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Friday, April 13, 2012

They Just Can't Help Themselves

They can't help themselves, can they? - Yonkers Raceway advertised harness racing during the opening telecast of Sunday Night Baseball on ESPN recently.  This is certainly something worthy of highlighting and bringing to the attention of the harness racing industry and Yonkers deserves to be applauded for doing this.  I always thought Yonkers Raceway has been supportive of harness racing and will be, at least as long as a Rooney is running the show.  Of course, considering the luxury of being in the New York City metropolitan area, it makes it a lot easier to make such an expenditure.  This is a sharp contrast to Harrah's who tries to keep harness racing at Chester Downs (or what is to become Philadelphia Casino and Racetrack) a secret. 

So here we have an opportunity to pat a racino on the back for doing something they should be doing anyway, which is a sad commentary on the current state of the industry, but the fact remains Yonkers did something out of the ordinary so let's take a moment and glow in the news of this development.

Wrong.  As mentioned in another press release by the SOA of New York, Yonkers Raceway didn't make a big deal about the commercial, but the SOA did.  But instead of just applauding what Yonkers did, they took the opportunity to take another veiled dig at Jeff Gural, even though they didn't mention him by name.  It was quick, a one sentence paragraph but it was clear who they were talking about.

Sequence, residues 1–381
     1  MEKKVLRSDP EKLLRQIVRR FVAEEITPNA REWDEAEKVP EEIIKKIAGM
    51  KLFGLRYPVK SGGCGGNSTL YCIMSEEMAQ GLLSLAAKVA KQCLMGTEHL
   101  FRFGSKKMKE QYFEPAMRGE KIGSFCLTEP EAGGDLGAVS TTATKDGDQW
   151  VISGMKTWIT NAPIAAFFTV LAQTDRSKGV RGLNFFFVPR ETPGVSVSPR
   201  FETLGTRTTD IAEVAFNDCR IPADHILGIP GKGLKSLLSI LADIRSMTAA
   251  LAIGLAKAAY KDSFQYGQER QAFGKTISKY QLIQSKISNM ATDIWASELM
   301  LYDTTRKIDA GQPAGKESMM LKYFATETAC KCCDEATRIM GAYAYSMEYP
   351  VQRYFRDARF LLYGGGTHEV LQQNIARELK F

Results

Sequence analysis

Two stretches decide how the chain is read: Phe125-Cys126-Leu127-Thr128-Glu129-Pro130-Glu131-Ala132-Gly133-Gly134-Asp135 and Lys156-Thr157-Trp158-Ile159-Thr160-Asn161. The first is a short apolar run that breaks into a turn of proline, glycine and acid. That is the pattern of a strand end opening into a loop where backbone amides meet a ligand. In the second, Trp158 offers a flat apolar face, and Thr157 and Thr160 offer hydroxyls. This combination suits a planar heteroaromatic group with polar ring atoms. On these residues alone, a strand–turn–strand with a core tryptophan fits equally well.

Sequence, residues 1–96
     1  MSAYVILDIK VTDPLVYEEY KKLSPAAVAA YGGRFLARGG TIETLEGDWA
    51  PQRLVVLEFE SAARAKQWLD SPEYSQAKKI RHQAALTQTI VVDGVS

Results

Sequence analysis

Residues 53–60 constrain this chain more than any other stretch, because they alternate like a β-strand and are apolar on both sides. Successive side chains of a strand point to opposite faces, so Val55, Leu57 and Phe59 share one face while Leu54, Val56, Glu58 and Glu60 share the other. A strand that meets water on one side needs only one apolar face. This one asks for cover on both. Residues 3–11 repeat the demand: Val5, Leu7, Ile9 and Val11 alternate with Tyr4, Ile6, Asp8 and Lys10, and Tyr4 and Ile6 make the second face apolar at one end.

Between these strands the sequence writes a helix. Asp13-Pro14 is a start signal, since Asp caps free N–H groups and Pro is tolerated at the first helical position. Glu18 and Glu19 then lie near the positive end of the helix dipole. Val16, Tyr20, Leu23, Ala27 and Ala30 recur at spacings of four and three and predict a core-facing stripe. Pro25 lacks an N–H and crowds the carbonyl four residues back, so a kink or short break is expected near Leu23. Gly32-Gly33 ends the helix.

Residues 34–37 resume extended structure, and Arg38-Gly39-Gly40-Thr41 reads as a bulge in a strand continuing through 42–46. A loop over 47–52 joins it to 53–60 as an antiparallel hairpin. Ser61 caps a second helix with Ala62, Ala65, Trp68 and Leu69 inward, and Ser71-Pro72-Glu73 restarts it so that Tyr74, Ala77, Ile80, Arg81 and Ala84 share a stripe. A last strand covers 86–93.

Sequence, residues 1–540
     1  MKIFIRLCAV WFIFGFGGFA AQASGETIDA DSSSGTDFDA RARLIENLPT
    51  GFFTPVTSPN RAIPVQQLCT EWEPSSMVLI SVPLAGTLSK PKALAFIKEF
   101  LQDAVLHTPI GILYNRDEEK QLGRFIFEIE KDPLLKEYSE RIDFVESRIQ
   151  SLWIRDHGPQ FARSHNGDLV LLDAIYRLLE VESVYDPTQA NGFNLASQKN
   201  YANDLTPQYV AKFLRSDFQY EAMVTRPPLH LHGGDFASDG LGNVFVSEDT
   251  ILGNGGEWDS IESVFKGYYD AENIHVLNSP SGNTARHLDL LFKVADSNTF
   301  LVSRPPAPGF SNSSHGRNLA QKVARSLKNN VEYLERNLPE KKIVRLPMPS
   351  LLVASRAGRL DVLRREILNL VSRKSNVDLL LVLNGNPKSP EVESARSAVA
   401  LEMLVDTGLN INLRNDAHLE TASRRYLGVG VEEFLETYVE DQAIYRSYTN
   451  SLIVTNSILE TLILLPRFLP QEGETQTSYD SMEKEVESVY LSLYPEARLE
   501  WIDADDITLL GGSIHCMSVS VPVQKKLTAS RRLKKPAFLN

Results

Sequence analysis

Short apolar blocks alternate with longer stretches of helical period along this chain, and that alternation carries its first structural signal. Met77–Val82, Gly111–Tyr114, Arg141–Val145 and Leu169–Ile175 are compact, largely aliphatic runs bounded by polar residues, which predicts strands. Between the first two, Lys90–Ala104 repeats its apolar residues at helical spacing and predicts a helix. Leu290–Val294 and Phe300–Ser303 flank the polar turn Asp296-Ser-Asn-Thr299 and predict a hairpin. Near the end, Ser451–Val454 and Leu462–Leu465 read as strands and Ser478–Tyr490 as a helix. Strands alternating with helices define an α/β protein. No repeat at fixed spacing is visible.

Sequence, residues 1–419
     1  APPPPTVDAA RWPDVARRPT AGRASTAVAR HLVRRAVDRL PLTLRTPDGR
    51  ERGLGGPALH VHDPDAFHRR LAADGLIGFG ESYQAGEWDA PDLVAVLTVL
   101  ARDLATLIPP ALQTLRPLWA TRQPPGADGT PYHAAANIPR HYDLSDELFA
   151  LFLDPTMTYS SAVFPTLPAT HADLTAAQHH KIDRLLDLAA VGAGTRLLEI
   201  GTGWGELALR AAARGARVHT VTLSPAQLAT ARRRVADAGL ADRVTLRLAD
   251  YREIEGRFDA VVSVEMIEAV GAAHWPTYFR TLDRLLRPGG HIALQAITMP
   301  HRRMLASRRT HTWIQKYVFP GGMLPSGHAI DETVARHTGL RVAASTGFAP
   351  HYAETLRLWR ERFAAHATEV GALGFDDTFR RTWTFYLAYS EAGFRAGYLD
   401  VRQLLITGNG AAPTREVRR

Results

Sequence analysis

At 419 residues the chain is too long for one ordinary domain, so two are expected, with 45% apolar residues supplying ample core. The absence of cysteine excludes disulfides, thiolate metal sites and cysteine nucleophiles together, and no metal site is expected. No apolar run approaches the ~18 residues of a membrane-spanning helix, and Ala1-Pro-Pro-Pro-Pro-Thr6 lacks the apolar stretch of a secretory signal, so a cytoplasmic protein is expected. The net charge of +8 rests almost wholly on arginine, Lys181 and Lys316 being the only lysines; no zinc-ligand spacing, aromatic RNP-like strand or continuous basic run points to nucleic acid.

If they released the press release without this one sentence paragraph, the SOA would have made their point, "See a racino does spend money on marketing racing, it shouldn't just fall on the horsemen", but no, they had to take that dig.  It is obvious that the SOA's management is incapable of not taking a dig at Gural.  They just can't help themselves.

Of course, show us a harness racino besides Yonkers which does something similar to what they did.  When you are in the largest metropolitan area in the United States, a harness racino has the ability to spend that type of money on an advertisement to be shown regionally during a sporting event.  They have the opportunity to offer great purses.  They have the a horsemen's group that can look through rose colored glasses and say, what problem?

But get out of the New York City area and the story changes.  Where is the television advertising of harness racing at Monticello Raceway, at Harrah's, at other harness tracks on similar shows as Yonkers did.  There are none.  I would like to see what tune the SOA leadership would be singing if they were the leaders of the MHHA at Monticello Raceway, at Chester Downs.  I suspect they wouldn't be crowing like they are now.

Yonkers Raceway is an exception to the norm.  It is time the SOA realizes this. 

Cal Expo Requests Racing Dates - Cal Expo has requested fall racing dates which they don't plan to race.  The Sacramento track is planning to get out of the operator role for harness racing, yet is requesting dates for the fall meet to quell uncertainty in the backstretch to keep horsemen and their horses in California instead of them flocking elsewhere and to facilitate the transfer of the race meet to a new operator.  As they point out, the CHRB can always revoke the license if a new operator is not found.

The CHRB should reject Cal Expo's request.  Yes, horsemen are getting antsy and you want to keep them in California to ensure harness racing remains viable in the Golden State if a new track management company is found.  However, you shouldn't play with the horsemen and give them false hope only to have them find out at the last minute there won't be any racing.  If Cal Expo wishes to ensure the horsemen remain in California for a fall meet, they should resubmit their request for fall dates by guaranteeing that the California State Fair Board will race those dates if management of the meet has not been transferred.